Exercises for SPD After Birth

Pelvic girdle pain, including symphysis pubis dysfunction (SPD), is common during pregnancy. Luckily, SPD pain after birth is rare.

Laxity in the joint between your pubic bones is a good thing during childbirth — the cartilage loosens up to allow your pelvis to expand as your baby is delivered. However, in some cases, the joint remains lax after childbirth, causing SPD to continue.

Read more: Exercises That Relieve SPD in Pregnancy

SPD After Pregnancy

See your doctor for an accurate diagnosis if you suspect you have SPD. According to a case study published in the September 2015 issue of the Journal of Clinical & Diagnostic Research_,_ other conditions, such as:

  • sciatica
  • osteomyelitis
  • traumatic symphyseal rupture
  • osteitis pubis
  • should be ruled out

Strengthen Your Abs

When performing ab exercises after pregnancy, it's important to first make sure you don't have a diastasis recti abdominis, or separation of your rectus abdominis muscle. If you notice a bulge or dome in the middle of your belly when you start to sit up from a lying down position, see a doctor or physical therapist. This condition requires a specialized exercise program.

Move 1: Abdominal Draw In

  1. Lie on your back on a firm surface. 
  2. Bend your knees and place your feet on the floor. 3. With your hands on your hips, tighten your lower abs and flatten your lower back into the ground. Picture your belly button driving straight down toward the floor — the muscles under your fingertips should tighten. 4. Hold for 3 to 5 seconds, then relax. 
  3. Repeat 20 times.

Move 2: Heel Slide

  1. Perform an abdominal draw in maneuver. 2. Slowly slide your right heel along the ground until your knee is straight. Then, slide it back up to the starting position. 3. Repeat on the opposite leg. 
  2. Alternate sides and perform 10 repetitions. 

Move 3: Plank

  1. Lie on your stomach on a firm surface. 2. Bend your elbows and position your hands underneath your shoulders. 3. Straighten your elbows and lift your body, as a unit, up onto the balls of your feet. 4. Hold this position, keeping your body in a straight line, for 30 seconds. 

Move 4: Side Plank

  1. Lie on your side with your legs stacked on top of each other. 
  2. Prop your upper body up on your forearm. 3. Lift your hips off the ground, balancing your body on your forearm and the side of your bottom foot. 4. Hold for 30 seconds, increasing time as your strength improves.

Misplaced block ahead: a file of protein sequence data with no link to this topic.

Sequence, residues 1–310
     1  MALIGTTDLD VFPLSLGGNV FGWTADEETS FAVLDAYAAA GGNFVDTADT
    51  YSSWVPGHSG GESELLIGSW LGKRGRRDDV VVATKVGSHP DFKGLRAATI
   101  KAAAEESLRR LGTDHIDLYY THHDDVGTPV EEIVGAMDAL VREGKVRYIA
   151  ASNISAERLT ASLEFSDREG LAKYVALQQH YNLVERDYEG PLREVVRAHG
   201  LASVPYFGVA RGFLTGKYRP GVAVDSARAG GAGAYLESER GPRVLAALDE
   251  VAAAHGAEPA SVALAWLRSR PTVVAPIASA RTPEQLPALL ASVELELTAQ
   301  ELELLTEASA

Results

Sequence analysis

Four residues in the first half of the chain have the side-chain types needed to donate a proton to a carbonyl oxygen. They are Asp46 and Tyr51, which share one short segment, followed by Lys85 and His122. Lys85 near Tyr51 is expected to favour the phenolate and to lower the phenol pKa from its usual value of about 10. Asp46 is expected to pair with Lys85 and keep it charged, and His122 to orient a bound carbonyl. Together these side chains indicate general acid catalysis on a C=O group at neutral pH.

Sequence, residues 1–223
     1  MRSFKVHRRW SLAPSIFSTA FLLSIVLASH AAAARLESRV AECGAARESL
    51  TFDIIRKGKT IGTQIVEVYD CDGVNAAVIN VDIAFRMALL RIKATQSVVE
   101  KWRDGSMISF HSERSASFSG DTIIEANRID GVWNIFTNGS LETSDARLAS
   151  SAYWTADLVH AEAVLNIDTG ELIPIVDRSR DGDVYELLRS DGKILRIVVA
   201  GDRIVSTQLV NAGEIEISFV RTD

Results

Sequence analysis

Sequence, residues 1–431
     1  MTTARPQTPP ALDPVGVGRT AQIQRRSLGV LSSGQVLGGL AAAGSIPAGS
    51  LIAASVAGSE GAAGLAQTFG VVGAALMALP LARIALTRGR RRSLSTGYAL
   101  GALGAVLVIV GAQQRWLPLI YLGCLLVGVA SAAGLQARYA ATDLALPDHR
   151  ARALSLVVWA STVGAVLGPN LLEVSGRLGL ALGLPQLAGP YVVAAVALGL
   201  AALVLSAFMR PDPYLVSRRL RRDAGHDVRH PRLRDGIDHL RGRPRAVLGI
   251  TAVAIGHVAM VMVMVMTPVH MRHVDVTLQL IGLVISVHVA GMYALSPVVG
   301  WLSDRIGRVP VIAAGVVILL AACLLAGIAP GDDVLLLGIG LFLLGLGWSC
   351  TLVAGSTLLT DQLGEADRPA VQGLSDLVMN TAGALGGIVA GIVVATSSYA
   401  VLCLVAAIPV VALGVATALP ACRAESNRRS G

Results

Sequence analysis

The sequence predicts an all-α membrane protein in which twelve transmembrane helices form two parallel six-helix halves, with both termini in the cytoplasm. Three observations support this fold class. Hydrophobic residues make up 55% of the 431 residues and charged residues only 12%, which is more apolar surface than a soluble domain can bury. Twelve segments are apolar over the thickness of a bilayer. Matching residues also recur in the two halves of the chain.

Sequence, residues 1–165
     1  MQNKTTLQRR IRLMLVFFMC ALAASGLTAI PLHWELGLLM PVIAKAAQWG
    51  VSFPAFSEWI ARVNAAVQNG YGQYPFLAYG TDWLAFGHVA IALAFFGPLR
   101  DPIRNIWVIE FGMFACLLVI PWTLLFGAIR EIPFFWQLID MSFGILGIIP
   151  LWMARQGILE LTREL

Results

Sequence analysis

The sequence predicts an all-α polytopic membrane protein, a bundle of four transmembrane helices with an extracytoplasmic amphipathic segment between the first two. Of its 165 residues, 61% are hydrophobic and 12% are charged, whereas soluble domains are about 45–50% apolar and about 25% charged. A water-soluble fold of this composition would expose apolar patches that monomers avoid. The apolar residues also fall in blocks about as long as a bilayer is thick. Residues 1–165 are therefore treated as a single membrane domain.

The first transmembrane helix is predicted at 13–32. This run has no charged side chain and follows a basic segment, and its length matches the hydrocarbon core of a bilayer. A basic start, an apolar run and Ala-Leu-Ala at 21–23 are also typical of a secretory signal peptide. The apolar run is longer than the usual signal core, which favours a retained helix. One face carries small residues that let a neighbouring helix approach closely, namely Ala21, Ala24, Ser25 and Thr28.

Strengthen the Lower Back Muscles

Muscles of your pelvis work with your lower back muscles to help maintain posture and stabilize your spine as you move. Add low back strengthening exercises to your routine to help treat SPD postpartum.

Move 1: Supermans

  1. Lie on your stomach with your legs straighten and arms extended over your head. 2. Keeping your hips and chest on the floor, lift your right arm and left leg simultaneously, 2 to 3 inches off the floor. 3. Hold for 3 to 5 seconds, then lower back down. 
  2. Repeat on the opposite sides.

Progress this exercise as strength improves — lift both arms and both legs off the ground all at once — as if you are flying like Superman.

Move 2: Quadruped Lifts

  1. Position yourself on your hands and knees, with your hands in line with your shoulders and knees lined up with your hips. 2. Look down at the floor between your hands to avoid straining your neck during this exercise. 3. Lift your right arm out straight until it is parallel to the ground. 
  2. Hold for 3 to 5 seconds, then lower back down. 5. Repeat with the left arm, right leg and lefts legs.

Progress this exercise by lifting the opposite arm and leg at the same time.

Perform Pelvic Floor Exercises

Include pelvic floor and hip strengthening exercises in your routine for SPD pain after birth. Pelvic floor exercises, such as Kegels, can be performed discreetly throughout the day.

According to the Mayo Clinic, these exercises can also reduce symptoms of stress incontinence that often occurs after childbirth. Hip strengthening exercises can be performed at home using your own body weight as resistance.

Move 1: Kegels

  1. In a seated or standing position, tighten your pelvic floor muscles as if you are stopping the floor of urine. 
  2. Hold for three to five seconds, then relax. 3. Perform 10 to 15 repetitions, several times per day.

Move 2: Bridges

  1. Lie on your back with your knees bent and feet on the floor. Rest your arms by your sides. 2. Perform the abdominal maneuver and maintain this tightness throughout the movement. 
  2. Squeeze your buttocks together and lift you hips up off the floor, as high as possible.  
  3. Hold 3 to 5 seconds, then slowly lower down.

When this exercise gets easy, try one-legged bridges.

Move 3: Clamshells

  1. Lie on your side with your knees bent and legs stacked on top of each other. 2. Lift your top knee up toward the ceiling while keeping your feet together — as if your legs are a clam's shell that is opening. 3. Hold for 2 to 3 seconds, then lower back down. 4. Repeat on the opposite side.
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